If there had been no residuary clause in this will, under the principle that one will not be presumed to die intestate as to any part of his property when b}r a reasonable construction of the will such presumption can be avoided, it would have been conclusive that the testator intended an absolute gift for the benefit of his son, Alexander, though limited as to his enjoyment thereof. McMichael v. Hunt, 83 N. C., 344. The provisions for the disposition of the residuum are found in items 20 and 21, and it will be found that the sources from which this residuum might be derived are referred to, as (1), all stocks and bonds not heretofore disposed of; (2), all property, both real and personal, not heretofore disposed of; (3), the proceeds of property in Charlotte and Lexington hereinbefore .directed to be sold; (4), all the residue of my estate arising from the collection of debts (5) or otherwise.
*246None of these, unless it bo the last, would embrace the remainder in the fund bequeathed to his son Alexander, and the care with which the will was drawn would prevent us from determining that the words “or otherwise” were intended to control the character of the bequest in item 13.
We find that in the other items of the will where life interests were devised or bequeathed the intention is plainly expressed and words of disposition equally explicit are used as to the remainders. See items 2, 3, 4 and 5. Instances of absolute gifts of personalty may be found in items 11. and 12 without any express words to show the extension of the bounty to the distributees or assigns of the beneficiaries.
The words “and their heirs” are used where real estate is the subject of disposition, as in item 9, and where it was desired to jjrovide a right of survivorship among certain beneficiaries, as in item 10. And when the proceeds of sales of stocks and bonds were to be divided among his sons and daughters those shares given to married daughters were, to be held by trustees for them and their heirs.
Items 13 and 17 are in their nature very similar, the evident object being to restrain the disposition by the beneficiaries in such manner as to do them injury rather thaii good; in neither of these items are there plain words restraining the gifts to the lives of the legatees; indeed in item 17 it appears that it was in the contemplation of the testator that in a certain event the legatees therein named should take an absolute estate freed from the interposition of trustees.
It was suggested on the argument by the learned counsel for the defendants that if the bequest was intended to have been an absolute one and not merely for the life of the beneficiary, his power of disposition was necessarily such that he might defeat the purpose of the testator by an assign*247ment or transfer of his interest in the fund bequeathed to him, but it is plain to us that the trustees in item 13 held the legal title to the fund for the purpose of the administration of the trust, the payment of the interest to the cestui que trust according to his necessities and not for his excessive indulgence. The cestui que trust had no control over the fund, not even of the accumulation of interest over what may have been paid to him by the trustees; therefore he had no power nor equitable right to dispose of principal or of any part of the interest which was not paid over to him. And he could not defeat the object of the testator by any conveyance of his interest to take effect during his life-time. If there might have been such a conveyance, by deed or will, of the fund to take effect after his death as to have enabled him to partially defeat the object of the testator, the difficulties in the way of such conveyance made it a remote possibility.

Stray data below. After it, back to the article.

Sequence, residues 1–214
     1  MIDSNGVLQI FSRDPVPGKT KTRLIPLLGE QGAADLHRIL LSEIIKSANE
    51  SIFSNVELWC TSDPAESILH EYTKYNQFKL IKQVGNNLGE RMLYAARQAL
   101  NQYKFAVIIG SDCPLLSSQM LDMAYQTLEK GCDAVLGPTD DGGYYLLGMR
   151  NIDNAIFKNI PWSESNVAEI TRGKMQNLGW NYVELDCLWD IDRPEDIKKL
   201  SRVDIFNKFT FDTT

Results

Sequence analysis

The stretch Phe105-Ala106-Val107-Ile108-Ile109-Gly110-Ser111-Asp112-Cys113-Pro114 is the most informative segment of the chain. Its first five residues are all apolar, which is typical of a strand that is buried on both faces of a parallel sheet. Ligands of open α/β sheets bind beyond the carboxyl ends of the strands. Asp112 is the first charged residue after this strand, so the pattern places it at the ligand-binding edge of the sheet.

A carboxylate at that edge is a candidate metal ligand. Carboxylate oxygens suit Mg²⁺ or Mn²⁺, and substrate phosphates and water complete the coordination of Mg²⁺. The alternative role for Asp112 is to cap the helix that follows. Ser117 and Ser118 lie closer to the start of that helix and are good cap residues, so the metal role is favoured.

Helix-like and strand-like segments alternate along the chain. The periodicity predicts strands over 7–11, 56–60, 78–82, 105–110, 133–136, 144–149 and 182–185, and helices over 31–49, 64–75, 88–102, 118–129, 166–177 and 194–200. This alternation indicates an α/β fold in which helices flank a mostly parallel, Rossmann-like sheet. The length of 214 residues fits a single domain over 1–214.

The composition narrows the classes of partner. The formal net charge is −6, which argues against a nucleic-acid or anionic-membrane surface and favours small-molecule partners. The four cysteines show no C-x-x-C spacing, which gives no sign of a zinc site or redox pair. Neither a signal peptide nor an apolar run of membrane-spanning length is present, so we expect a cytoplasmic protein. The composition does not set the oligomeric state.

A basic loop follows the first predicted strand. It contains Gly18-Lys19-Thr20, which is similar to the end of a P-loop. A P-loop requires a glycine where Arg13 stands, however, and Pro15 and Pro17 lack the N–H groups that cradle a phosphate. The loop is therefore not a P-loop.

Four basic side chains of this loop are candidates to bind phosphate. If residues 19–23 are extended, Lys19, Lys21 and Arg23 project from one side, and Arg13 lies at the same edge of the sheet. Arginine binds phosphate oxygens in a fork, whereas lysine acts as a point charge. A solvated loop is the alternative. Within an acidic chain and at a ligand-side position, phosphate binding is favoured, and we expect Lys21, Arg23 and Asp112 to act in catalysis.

A general rule of construction is that in a bequest of the interest, no express disposition having been made of the principal, it goes to the legatee of the interest, unless, indeed, it appears from the nature of the subject or the context of the will that the interest only was intended for the legatees. McMichael v. Hunt, supra.
Without doubt prior words in a will may bo controlled and modified as to their meaning by subsequent expressions, and, as we have before said, the intent of the testator is to be reached from the whole will. If by the context it appeared that the intention of the testator was to give to his son Alexander a life interest only, there would be no difficulty in controlling 'the general words in the first clause of the item, the effect of which, without modification, would have been to have given an absolute title, but taking the will for our guide, and examining its every provision to enable us to reach the true intent of the testa*248tor, we are of the opinion that for satisfactory reasons he gaye to his son Alexander, in full of his share in the estate, the sum of thirty thousand dollars, and that he placed this sum in the hands of trustees with power and discretion to-pay over to his said son so much of the interest as was necessary for his decent support, and the balance to hold for his benefit and subject to such disposition as he might make thereof by will, - or in case of his intestacy to go in course of distribution to 'his next of kin according to law. There is no error. • Affirmed.